The interminable 2007 tournament is finally drawing to a close, but before we tear the ICC apart for organising such a ridiculously long event, Australia take on Sri Lanka in the final. Both teams are deserved finalists.
I’m rooting for Sri Lanka. The teams are pretty well matched but I just hope Sri Lanka can apply some of their own bulldozering techniques and not let Australia gain an early upper hand. Get that Matthew Hayden early, too.
Anyway, keep an eye on the scorecard and leave your thoughts below.
Excitement now building for the final, especially as the best two teams have made it by playing attacking cricket. Here’s hoping they serve up a hum-dinger. Highlights for me have been watching live Ponting, Clarke, Watson, De Villiers and Jayawardene playing shots I can’t even play in my dreams. Messing about in the Caribbean on a 90 foot yacht has been pretty cool too.
Having done the Loser XI, here’s our A-team. There are a few that are unlucky to miss out, including Michael Clarke, Jacques Kallis, AB De Villiers, Daren Powell, Shane Bond, Mashrafe Mortaza and Paul Nixon, but I’m sure they’ll get over it.
1. Hayden 2. Jayasuriya 3. Ponting 4. Jayawardene 5. Pietersen 6. Styris 7. Boucher 8. Hogg 9. Malinga 10. Murali 11. McGrath
Sangakkara has a great chance of stealing the keeper’s berth tomorrow, especially after Boucher’s first baller yesterday, so everything to play for. The others pick themselves, no?
Ian Valentine is a freelance journalist blogging the World Cup for The Corridor
Gadzooks – yet another one sided match. And in a tourney of one sided matches, this was about the most imbalanced. “They’ll choke,” said the Aussies on the boat this morning after a choppy overnight crossing from Musquite, and choke they did. All the confidence the Boks showed in Barbados against the English had evaporated. What they could have given for the captain’s performance that Jayawardene provided yesterday!
And so on to Barbados for the final. All we want is a proper game of cricket. Can the plucky Sri Lankans test the Aussies? So far they have lost no more than six wickets and they’ve bowled out every opposition – it would be harsh if they are not recoronated world champions. But all the more delicious for all that! That said, it would be wonderful to see Adam Gilchrist score some runs in the final. So far he was scored two runs in the two innings I’ve seen.
Before we get stuck into a few sundowners on St Lucia, here’s a team we’ve put together entitled ‘Thanks for coming’. It’s a team that at the start of the tournament could have been the stars, but they have flattered to deceive. No doubt, we have missed out the odd loser or two.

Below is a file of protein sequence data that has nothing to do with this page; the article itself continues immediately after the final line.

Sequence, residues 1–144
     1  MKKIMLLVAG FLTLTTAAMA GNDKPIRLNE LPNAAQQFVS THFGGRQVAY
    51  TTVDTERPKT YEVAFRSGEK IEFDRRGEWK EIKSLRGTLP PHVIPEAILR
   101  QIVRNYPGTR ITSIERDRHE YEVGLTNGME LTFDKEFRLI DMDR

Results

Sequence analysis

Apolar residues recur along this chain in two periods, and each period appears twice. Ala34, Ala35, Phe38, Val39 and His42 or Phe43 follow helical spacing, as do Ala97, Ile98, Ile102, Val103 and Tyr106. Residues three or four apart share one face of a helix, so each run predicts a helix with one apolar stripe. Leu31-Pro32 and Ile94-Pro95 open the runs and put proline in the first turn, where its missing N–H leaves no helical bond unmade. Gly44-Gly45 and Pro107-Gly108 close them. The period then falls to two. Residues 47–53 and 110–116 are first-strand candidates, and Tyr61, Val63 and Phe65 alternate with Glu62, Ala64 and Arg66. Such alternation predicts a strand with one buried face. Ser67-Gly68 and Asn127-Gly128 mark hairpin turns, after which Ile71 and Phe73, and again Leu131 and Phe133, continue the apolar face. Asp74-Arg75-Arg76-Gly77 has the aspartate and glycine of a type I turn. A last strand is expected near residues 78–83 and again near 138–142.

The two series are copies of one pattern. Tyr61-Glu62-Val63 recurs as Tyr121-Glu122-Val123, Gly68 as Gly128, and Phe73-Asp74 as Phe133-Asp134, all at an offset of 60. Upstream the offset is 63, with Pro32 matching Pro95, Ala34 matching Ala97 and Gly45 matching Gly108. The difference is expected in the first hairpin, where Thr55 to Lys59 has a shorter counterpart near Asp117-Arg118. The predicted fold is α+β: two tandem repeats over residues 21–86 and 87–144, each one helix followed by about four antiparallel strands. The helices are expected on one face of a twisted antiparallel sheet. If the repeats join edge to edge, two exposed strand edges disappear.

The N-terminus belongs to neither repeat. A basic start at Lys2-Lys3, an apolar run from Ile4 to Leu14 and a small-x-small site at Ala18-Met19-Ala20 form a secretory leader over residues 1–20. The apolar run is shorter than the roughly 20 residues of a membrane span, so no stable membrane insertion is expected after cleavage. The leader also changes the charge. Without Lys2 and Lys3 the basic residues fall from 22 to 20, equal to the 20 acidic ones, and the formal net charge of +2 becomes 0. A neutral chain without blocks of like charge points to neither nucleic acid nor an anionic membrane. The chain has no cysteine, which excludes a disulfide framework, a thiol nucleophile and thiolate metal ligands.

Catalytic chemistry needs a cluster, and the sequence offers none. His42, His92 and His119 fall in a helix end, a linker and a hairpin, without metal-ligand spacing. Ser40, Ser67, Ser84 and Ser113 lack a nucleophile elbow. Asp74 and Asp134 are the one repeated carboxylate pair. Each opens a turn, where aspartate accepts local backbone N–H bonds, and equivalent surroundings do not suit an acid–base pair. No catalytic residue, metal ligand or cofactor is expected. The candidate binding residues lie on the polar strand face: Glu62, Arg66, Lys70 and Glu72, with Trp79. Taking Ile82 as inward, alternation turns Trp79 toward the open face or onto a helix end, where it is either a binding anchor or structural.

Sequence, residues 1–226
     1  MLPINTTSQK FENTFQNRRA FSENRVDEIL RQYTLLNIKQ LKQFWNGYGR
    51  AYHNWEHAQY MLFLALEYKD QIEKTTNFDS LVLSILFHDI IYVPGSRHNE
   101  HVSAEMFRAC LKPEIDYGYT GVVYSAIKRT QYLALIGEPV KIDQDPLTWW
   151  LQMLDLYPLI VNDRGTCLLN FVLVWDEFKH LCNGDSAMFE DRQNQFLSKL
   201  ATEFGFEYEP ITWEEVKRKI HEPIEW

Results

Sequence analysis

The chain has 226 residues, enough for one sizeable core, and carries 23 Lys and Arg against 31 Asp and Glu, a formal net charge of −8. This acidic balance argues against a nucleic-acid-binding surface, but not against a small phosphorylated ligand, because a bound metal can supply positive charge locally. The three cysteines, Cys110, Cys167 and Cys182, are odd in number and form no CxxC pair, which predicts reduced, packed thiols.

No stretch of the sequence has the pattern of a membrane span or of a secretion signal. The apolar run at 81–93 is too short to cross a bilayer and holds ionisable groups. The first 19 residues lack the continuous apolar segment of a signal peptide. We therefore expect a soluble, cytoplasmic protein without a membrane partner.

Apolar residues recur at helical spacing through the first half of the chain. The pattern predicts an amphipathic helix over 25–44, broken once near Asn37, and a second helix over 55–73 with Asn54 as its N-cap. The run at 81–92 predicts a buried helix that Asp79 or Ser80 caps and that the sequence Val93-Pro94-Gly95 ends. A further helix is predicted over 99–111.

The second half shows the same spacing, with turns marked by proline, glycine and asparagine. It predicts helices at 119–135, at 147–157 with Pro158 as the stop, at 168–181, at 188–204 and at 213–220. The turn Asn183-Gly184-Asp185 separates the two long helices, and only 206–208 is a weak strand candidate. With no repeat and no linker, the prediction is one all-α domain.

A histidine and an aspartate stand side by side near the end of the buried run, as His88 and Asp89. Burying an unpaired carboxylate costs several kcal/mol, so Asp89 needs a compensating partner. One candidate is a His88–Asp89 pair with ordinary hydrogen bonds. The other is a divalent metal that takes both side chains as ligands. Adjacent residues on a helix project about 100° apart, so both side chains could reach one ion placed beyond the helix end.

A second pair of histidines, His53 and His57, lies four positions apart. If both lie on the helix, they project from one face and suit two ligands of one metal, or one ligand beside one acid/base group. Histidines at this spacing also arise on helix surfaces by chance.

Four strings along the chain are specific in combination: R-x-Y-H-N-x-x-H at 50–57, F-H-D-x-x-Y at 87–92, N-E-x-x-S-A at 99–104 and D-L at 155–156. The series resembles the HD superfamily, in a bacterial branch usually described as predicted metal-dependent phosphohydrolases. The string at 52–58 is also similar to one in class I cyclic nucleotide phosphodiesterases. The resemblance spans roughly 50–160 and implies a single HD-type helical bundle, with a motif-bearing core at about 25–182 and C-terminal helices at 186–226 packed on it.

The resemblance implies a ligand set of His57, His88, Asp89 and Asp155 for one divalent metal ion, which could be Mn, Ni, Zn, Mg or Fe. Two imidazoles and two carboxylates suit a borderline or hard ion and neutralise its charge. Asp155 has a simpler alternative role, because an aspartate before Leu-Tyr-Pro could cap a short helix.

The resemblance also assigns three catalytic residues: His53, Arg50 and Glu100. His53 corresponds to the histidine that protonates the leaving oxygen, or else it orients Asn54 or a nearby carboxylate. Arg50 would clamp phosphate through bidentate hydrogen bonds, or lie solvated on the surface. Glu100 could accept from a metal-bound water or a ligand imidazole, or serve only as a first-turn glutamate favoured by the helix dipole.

1. Michael Vaughan 2. Chris Gayle 3. Sachin Tendulkar 4. Ross Taylor 5. Inzi 6. Michael Hussey 7. MS Dhoni 8. Shaun Pollock 9. Shahid Afridi 10. Saj Mahmood 11. Makhaya Ntini
Ian Valentine is a freelance journalist blogging the World Cup for The Corridor
So much for essay writing, this is going to be far more interesting. The two, of course, haven’t played since the group stages, and Australia still haven’t lost a game. Will this be the one? South Africa have won the toss, and elected to bat.
Catch Will, and the scorecard, over here. In the meantime, chat away!
Itâ€™s not been a good year for captaincy. England was a case in point last autumn, with the job apparently hinged on how much of a tantrum the â€˜leadâ€™ bowler would throw if his mate wasnâ€™t given it. In November, Chris Adams decided to take on more responsibility at Yorkshire, and seemed to get cold feet as soon as heâ€™d given the press conference. Heath Streak, with the season but one Championship game old, has decided today that maybe he really isnâ€™t up to the job. Itâ€™s okay Heath, I suppose it wasnâ€™t really long enough to make a decision, those six odd months since September.
The World Cup has seen others give up too, most notably Inzamam and Lara following poor team performances. Vaughan may yet be headed the same way, albeit involuntarily, when the shorter format comes around again.
Enter Stephen Fleming, deserved semi-finalist, who has decided to let the one-day role go. Now Iâ€™ve not studied the New Zealand captaincy, but my knowledge of English cricket suggests that this is a step onto a slippery slope. Is Fleming feeling the bite of full cricket years after captaining Notts. for two English summers? Unlikely. Judging from his remarks about injecting enthusiasm, it may just be that four World Cups with three semi-final exits are enough to drive anyone away from one-day cricket.
So, after weeks of play, we’ve finally made it to the first semi-final back where Pakistan exited the competition in such spectacular fashion. We can only hope, after such a long wait, that both this match and that at the Beausejour Stadium tomorrow, offer good, tight contests.
But whatever happens, you can watch the scorecard and commentary at Cricinfo, and chat about it here.